With Priscilla this bargain seems to have been particularly extreme in a way Luhrmann’s film overlooks. The Priscilla in Elvis is loved (in a limited way) for being herself. “I never met anyone like you,” Elvis says. But a little research into the story suggests a rather different picture. She was only 14 to his 24 when they met in the summer of 1959 in Germany, where Elvis was doing his national service and Priscilla was living with her step-father, a US Army captain.
Elvis had form with teenage girls: there had been, among others, the three 14 year-olds who used to visit his Audubon Drive house in Memphis for pyjama parties, where they would have their hair washed and dried and then be given kissing lessons by the then 21-year-old King.
One of them, Frances Forbes, remembers, “Elvis was always kissing, and it was a good kiss, a real good one.” Then there was the president of the Elvis Presley fan-club, Kay Wheeler, who was 17 when she visited Elvis in his hotel after a show at the Louisiana Hayride. “He threw me against the wall and started grinding his pelvis, pushing on me… I wanted moonlight and roses. It was one of the biggest let downs of my life,” she later reflected.
Elvis’s abuse of his powerful position with such girls is disquieting, to say the least. Many aspects of the Priscilla-Elvis romance are similarly unsettling, and similarly glossed over in the movie – as is his predilection for dry humping and voyeurism over intercourse, and an apparent loathing of oral sex.
Priscilla’s parents let her travel alone from Germany, aged 17, to spend two weeks with Elvis in his Los Angeles home in 1962. He took her on a road trip to Vegas to stay at the Sahara Hotel, and gave her uppers and downers so she could keep up with his up-all-night-sleep-all-day routine. That same year she came for Christmas at Graceland and ended up knocked out for two days when he gave her a couple of his sleeping tablets.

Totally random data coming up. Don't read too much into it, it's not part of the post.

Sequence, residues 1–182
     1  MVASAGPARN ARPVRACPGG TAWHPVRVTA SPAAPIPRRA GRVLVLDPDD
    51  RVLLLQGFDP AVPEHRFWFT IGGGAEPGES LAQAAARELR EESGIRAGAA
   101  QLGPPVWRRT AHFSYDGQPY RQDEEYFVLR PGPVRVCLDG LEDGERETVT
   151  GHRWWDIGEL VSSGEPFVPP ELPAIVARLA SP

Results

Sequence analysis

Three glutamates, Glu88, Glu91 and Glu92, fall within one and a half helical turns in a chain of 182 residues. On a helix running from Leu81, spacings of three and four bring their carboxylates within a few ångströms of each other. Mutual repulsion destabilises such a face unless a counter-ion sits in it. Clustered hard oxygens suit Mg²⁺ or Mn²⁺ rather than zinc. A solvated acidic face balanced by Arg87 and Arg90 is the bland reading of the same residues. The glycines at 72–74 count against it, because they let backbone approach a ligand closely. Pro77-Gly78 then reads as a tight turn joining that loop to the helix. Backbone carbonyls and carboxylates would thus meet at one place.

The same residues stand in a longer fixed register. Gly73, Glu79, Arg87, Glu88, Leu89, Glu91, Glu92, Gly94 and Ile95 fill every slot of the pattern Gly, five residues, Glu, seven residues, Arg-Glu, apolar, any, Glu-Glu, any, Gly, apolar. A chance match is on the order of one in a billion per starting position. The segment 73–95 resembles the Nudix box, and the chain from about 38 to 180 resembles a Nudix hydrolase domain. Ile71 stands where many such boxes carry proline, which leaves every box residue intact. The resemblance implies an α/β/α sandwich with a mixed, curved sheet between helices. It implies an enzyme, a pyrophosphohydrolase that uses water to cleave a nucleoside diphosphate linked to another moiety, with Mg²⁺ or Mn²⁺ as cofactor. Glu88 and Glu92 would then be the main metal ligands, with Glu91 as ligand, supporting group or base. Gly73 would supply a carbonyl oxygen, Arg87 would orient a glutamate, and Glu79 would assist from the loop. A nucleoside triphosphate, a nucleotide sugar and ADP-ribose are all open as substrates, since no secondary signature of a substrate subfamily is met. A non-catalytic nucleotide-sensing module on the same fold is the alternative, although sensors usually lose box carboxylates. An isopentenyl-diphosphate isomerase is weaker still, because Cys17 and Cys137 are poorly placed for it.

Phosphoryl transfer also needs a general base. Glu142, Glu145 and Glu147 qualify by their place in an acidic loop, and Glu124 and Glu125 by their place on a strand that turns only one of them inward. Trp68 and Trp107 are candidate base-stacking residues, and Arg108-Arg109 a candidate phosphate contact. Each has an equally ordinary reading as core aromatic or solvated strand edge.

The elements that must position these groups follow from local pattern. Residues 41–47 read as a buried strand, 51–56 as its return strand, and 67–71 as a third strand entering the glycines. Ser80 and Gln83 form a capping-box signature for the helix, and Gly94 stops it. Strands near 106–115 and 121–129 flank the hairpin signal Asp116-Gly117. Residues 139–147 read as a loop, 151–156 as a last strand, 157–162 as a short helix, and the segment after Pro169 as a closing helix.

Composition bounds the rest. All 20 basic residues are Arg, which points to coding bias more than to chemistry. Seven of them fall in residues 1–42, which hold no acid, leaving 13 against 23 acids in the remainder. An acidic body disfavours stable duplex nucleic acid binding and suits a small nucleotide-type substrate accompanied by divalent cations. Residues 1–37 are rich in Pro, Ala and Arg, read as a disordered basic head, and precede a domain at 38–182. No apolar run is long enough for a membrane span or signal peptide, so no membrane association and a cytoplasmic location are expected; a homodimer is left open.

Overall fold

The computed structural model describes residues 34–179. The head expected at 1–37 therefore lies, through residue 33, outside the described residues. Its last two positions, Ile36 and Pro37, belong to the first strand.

The next year, though she hadn’t yet finished school, Priscilla moved in to Graceland, where she spent most of her time waiting for Elvis to tire of messing around with the guys, or to come home from filming. He criticised her constantly: don’t slump; don’t wear chipped nail polish; don’t frown – you’ll get wrinkles; don’t eat tuna because I hate the way it smells. He also gave her a small pearl-handled derringer to keep in her bra.
It’s hard to avoid the conclusion that Elvis didn’t manage to have any meaningful relationships with women, aside from his mother, whose early death in 1958 almost undid him. Girls were everywhere, but women – independent grown-ups with a sense of who they were and who could have provided proper, emotional support – were absent from his life.
And so the King’s womanising continued, right through his divorce from Priscilla and until his death.
Elvis lovingly recreates an extraordinary scene from the 1970 concert documentary Elvis: That’s the Way It Is, in which he leaves the stage and walks through the audience, kissing as he goes. Without any security presence, he neither hurries nor dawdles, but moves at a brisk pace through the aisles, oozing sweat and sex appeal. He must kiss at least 20 different women, yet with each kiss there is something tender: often, he cups a woman’s face in both hands and holds her gaze for a moment longer than strictly necessary before moving on to the next fan.
But it’s hard to spend your life making love to audiences and have anything left for individuals, or perhaps even for yourself, as Luhrmann’s film suggests. Towards the end, Tom Hanks’s Colonel Parker states that “love” killed Elvis. Not drugs, not the machinations of his avaricious manager, not the pressures of being the world’s first global rock star, but love for music and – by extension – love for his fans.
- Elvis is in cinemas now; Bethan Roberts’s novel about Elvis and his mother, Graceland, is published by Vintage
The Telegraph, London